Salmon Creek Estuary
Habitat Enhancement Program
A comprehensive study of the Salmon Creek Estuary was completed by the
Occidental Arts and Ecology Center's WATER Institute and
Prunuske Chatham Inc.
in 2006 with funding from the State Coastal Conservancy. The objective of the study was to assess the factors affecting estuarine function and its value as salmonid habitat.
Juvenile salmonids migrate from the upper watershed to the lagoon in the late spring and early summer to feed and prepare for entering the ocean in the fall after the estuary breaches. In summer 2004, a severe drought year, the juveniles were trapped in the lower estuary by upstream poor water quality and pool disconnection. During a three-month period (August - October) hundreds of juveniles in the lower estuary disappeared. Predation by seabirds such as seagulls, pelicans, and cormorants is thought to be the cause. This critical rearing area has become significantly shallower in the last 40 years due to high rates of upstream sediment delivery. It is also lacking in protective cover that was once provided by woody debris, small tidal channels and wetlands, and undercut banks.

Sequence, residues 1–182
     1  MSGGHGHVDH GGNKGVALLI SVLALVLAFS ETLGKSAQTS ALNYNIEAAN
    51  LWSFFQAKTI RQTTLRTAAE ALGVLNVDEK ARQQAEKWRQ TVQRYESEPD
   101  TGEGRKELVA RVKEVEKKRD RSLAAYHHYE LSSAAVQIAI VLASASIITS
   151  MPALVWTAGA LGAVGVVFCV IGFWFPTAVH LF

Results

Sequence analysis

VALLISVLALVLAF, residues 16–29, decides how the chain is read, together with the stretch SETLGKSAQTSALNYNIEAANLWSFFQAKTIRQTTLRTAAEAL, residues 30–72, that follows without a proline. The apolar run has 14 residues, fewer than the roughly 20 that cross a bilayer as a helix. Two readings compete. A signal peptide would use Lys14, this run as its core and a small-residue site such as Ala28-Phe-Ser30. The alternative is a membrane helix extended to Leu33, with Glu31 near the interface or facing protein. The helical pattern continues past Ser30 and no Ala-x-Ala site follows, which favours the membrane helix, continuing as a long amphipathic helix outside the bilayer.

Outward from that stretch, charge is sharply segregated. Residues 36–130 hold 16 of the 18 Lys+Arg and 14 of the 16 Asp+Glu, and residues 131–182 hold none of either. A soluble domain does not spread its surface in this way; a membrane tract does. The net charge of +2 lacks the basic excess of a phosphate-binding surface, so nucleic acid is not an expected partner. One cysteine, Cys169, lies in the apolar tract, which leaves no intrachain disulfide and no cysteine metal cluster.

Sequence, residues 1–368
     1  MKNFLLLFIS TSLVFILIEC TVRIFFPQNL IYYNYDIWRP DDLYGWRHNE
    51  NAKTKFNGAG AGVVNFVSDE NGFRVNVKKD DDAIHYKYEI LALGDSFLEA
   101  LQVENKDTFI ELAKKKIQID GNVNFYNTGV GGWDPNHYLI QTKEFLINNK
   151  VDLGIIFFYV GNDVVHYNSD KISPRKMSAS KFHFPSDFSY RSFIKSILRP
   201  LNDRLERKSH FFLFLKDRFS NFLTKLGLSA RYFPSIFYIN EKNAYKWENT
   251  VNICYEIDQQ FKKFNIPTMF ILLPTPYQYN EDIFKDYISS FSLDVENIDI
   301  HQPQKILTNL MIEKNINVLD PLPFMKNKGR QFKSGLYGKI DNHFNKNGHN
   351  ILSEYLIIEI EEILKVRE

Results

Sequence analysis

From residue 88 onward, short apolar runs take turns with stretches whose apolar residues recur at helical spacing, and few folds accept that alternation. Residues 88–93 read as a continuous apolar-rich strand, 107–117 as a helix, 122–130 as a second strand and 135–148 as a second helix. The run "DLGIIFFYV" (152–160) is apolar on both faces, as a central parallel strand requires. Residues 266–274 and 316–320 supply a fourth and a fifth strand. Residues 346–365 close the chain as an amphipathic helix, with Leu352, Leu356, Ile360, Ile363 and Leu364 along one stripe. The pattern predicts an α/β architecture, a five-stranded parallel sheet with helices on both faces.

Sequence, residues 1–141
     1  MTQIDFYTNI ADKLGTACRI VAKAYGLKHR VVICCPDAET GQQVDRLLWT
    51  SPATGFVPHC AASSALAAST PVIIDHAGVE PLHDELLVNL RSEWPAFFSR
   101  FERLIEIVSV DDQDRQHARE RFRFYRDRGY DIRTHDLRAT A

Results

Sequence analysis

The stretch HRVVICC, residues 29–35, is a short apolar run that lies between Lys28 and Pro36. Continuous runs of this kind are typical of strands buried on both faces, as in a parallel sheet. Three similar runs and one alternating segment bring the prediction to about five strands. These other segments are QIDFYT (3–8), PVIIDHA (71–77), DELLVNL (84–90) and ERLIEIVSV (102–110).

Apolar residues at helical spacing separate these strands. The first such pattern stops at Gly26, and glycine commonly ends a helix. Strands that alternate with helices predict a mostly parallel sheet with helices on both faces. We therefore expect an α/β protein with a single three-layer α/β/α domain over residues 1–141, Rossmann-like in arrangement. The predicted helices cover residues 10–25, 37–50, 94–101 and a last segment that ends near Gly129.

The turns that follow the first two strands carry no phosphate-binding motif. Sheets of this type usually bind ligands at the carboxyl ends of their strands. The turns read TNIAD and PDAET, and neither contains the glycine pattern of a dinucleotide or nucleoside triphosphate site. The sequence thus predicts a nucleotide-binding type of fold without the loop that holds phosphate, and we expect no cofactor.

Two high-priority recommendations from the Estuary Study have been implemented.
- Increase summer rearing habitat for juvenile salmonids through installation of large woody structures and floating protective willow mats near the mouth. This project will be installed in 2010. Read the
Interim Project Report
0.4 MB pdf
- Increase freshwater inflow to the estuary in late spring and summer to improve water quality and lagoon depths for rearing salmonids. A
Salmon Creek Water Conservation Program
has been started.
Recent droughts have created summer streamflow conditions similar to that in 2004. With the
reintroduction of coho into the system
in 2009 and 2010, it is even more critical that the estuary rearing habitat is improved.